SHOOT: It's either this or perhaps the tongue of a chameleon. Any other ideas, anyone, anyone...
Trap-jaw ants bite with a force of over 300 times their own bodyweight, new high-speed digital images have shown.
Their jaws spring shut at more than 100 km/h (62mph) - the fastest recorded speed at which an animal can move its predatory body parts.
The pictures also reveal these tiny creatures, native to Central and South America, do more with their vicious jaws than simply giving a nasty nip.
By biting the ground, the ants hurl themselves upwards when danger looms.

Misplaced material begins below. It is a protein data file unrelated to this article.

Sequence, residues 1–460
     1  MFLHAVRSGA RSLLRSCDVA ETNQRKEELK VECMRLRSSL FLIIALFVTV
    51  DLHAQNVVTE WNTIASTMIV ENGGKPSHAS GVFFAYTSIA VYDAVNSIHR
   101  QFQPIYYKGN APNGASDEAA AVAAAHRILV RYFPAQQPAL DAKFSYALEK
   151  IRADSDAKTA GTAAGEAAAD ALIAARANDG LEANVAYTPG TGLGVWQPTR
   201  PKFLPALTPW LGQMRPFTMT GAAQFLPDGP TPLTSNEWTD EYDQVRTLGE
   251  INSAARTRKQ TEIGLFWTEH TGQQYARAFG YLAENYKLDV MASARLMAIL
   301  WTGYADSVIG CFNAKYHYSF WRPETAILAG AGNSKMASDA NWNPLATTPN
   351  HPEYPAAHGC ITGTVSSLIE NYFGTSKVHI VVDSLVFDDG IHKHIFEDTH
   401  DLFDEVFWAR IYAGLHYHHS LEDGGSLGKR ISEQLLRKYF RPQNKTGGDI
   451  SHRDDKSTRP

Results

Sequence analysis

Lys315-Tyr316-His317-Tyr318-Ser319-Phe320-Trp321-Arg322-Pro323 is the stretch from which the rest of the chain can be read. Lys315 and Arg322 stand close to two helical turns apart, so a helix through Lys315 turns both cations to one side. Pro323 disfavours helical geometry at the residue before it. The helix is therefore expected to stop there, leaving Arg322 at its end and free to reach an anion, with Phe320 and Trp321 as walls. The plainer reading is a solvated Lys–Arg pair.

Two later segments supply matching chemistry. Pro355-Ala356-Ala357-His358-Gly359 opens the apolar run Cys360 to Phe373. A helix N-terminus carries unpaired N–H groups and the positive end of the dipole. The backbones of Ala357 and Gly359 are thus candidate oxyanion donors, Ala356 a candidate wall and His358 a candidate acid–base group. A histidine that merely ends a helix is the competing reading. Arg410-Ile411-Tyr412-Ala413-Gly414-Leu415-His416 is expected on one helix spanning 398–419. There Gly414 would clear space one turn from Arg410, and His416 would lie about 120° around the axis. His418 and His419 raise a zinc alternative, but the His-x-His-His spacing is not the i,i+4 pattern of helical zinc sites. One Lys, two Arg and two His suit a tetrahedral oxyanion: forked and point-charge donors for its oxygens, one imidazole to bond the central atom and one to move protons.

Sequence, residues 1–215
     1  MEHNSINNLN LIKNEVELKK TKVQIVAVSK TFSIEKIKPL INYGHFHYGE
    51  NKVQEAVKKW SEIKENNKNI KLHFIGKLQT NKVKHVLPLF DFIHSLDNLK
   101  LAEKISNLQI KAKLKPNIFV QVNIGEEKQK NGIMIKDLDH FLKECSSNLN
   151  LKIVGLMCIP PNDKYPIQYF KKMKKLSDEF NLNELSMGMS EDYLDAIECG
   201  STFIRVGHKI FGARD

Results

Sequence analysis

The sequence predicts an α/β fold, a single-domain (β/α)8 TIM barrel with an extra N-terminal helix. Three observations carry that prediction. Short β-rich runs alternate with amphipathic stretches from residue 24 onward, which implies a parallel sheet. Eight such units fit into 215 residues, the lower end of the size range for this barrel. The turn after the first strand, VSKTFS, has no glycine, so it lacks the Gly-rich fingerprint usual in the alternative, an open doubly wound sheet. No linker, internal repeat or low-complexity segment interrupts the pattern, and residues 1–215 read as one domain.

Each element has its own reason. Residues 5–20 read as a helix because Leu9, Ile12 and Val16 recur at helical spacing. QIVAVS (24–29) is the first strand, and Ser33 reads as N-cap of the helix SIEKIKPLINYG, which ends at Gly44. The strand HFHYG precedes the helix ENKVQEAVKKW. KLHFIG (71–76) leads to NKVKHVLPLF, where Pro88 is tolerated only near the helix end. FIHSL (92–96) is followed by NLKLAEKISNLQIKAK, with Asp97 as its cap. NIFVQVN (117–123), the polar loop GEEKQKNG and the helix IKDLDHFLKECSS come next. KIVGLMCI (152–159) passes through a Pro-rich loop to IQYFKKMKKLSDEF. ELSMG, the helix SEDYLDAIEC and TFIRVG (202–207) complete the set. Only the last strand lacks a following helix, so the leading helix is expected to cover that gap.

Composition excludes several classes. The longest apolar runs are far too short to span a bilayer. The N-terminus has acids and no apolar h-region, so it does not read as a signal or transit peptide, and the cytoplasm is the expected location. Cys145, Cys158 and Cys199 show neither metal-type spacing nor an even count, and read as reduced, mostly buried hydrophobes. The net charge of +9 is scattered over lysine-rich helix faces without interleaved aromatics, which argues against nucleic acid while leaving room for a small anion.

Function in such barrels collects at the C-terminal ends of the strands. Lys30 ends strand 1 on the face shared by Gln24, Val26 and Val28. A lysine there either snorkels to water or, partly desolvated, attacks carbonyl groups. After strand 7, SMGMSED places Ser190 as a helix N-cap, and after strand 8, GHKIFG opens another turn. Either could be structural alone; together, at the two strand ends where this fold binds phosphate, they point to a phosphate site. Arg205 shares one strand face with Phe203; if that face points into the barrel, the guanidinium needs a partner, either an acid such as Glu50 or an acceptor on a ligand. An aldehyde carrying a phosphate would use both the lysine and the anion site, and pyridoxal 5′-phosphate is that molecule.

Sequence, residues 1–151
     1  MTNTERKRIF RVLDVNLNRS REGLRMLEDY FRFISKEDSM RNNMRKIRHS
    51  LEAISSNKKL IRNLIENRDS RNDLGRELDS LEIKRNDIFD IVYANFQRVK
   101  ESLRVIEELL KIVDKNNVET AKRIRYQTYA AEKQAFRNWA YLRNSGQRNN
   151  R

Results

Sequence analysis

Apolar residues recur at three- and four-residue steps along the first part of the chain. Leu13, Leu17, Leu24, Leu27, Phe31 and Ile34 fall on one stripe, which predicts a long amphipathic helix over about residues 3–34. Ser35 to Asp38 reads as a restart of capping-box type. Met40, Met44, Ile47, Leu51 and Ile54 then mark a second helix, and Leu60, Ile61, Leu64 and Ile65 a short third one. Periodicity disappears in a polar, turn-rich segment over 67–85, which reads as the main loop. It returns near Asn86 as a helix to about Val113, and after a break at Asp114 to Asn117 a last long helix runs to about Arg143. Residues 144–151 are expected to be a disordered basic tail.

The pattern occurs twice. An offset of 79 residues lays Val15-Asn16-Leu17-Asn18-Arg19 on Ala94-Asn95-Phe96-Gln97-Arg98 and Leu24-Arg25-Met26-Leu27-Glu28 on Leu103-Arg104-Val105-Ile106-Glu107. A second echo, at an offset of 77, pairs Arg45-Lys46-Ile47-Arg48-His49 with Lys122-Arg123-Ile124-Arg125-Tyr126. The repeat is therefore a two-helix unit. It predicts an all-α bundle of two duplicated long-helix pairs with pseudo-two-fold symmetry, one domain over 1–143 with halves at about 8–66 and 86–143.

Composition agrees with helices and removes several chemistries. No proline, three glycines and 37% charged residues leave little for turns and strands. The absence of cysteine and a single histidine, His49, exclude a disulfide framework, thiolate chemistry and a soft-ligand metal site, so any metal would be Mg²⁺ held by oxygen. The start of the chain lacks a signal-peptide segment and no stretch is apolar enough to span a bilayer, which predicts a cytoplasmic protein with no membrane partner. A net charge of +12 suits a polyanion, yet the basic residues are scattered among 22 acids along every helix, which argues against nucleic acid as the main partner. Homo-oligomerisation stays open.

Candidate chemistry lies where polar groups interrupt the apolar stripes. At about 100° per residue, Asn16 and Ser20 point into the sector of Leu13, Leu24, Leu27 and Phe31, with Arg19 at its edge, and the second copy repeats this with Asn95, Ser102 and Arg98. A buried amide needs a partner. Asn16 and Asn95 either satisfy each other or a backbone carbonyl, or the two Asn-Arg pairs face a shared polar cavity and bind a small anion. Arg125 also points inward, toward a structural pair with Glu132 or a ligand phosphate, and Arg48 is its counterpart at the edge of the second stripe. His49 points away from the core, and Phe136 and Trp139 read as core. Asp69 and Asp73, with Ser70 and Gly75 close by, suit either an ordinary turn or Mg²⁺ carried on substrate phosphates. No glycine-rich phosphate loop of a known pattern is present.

Employing the same high-speed imaging methods as those used to film flying bullets, an American research team now shows that the jaws can move at exceptional speeds. Peak velocities exceed 180km/h (110mph)
"This is really by far and away the fastest recorded animal limb movement," said lead researcher Sheila Patek, of the University of California, Berkeley, who worked with ants from Costa Rica.
The ants' jaws are relatively short, but they deliver such a powerful bite because they can accelerate so quickly. It's simple physics